This study has also added to previous data examining the use of the CAT in the baseline stable state by examining the relationship between baseline CAT scores and exacerbation frequency. Patients with a history of frequent exacerbationshave worse quality of life (7), increased risk of hospitalization (26), and greater mortality (8). Frequent exacerbators also exhibit faster decline in lung function (4) and may have worse functional status, as measured by time outdoors (16). In thisstudy we have shown that baseline CAT scores relate to exacerbation frequency. When used in the stable state, scores were signiﬁcantly elevated in frequent exacerbators, deﬁned by two or more exacerbations per year, compared with infrequentexacerbators. Also, baseline CAT scores were weakly but signiﬁcantly related to concurrent ﬁbrinogen levels. We have previously shown that plasma ﬁbrinogen levels are elevated in patients with stable COPD (23) and that increased systemicinﬂammation, as measured by ﬁbrinogen, in patients with stable COPD over time is directly linked to disease progression, as deﬁned by lung function decline (27). Further work is required to explore whether CAT scores may potentially be auseful marker of disease progression over time in COPD.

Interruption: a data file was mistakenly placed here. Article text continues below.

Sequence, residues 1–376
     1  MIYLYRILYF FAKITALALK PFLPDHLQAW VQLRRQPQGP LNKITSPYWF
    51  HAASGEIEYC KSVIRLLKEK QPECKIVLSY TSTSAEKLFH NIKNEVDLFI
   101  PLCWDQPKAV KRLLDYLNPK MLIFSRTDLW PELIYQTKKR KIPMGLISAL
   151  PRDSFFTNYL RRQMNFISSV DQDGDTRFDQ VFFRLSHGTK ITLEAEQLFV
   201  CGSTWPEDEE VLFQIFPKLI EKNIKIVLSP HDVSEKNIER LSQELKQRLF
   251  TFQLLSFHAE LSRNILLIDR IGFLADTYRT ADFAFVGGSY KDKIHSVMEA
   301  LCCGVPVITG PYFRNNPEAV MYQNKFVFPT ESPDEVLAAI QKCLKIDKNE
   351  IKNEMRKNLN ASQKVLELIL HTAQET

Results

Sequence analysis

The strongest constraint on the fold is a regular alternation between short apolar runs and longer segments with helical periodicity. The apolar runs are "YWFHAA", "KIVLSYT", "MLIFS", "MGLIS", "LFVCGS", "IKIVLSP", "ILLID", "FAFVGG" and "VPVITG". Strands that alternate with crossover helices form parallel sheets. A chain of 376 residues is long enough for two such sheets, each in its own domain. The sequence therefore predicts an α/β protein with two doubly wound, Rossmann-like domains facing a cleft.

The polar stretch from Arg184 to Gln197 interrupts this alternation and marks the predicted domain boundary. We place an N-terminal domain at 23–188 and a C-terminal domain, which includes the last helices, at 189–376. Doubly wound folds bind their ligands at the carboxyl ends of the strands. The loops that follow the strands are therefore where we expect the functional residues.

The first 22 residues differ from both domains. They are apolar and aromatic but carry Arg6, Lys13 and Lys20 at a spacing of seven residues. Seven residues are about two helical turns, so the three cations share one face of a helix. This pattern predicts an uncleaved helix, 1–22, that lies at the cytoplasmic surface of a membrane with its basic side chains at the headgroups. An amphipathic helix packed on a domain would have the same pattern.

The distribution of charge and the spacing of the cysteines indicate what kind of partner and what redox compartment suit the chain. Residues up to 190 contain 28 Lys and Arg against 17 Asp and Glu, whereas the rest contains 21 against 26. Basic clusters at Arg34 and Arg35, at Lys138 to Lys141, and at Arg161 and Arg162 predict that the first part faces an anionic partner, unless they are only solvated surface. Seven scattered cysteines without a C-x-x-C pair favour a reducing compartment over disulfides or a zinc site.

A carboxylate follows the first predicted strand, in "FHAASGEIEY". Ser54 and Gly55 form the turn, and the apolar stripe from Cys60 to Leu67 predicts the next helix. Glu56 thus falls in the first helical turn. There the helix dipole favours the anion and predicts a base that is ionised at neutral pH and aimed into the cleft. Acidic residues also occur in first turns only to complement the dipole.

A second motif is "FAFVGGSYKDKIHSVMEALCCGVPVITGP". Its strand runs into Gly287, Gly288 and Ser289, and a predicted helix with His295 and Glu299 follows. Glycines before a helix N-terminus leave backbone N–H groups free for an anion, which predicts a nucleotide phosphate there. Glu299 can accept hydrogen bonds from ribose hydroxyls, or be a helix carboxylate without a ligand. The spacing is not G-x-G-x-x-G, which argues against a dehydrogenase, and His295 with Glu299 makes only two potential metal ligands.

Because our results indicate that CAT scores may reﬂect levels of systemic inﬂammatory markers, albeit weakly, this ﬁnding may have particular relevance in clinical trials of antiinﬂammatory therapeutic agents in COPD. The effects ofantiinﬂammatory therapies aredifﬁcult toassess as changes in FEV1 tend to be small (28), and exacerbation frequency as an outcome has to be assessed over at least a 12-month period. Further study is now required of CAT scores duringantiinﬂammatory interventions in COPD.
The Exacerbations of Chronic Pulmonary Disease Tool (EXACT) is a patient-reported outcome diary speciﬁcally designed to quantify the frequency, severity, and duration of exacerbations of COPD in clinical trials (21). EXACT scores havebeen shown to differentiate patients who were stable from patients with mild and moderate exacerbations as judged by clinicians (21). However, to date no published data have demonstrated the relationship of EXACT scores to levels of systemicinﬂammation and lung function changes seen at exacerbation and during recovery. Furthermore, in published papers thus far, the EXACT has been used in conjunction with a personal digital assistant (21, 29) or Blackberry smartphone (30),potentially limiting its widespread uptake in routine clinical practice.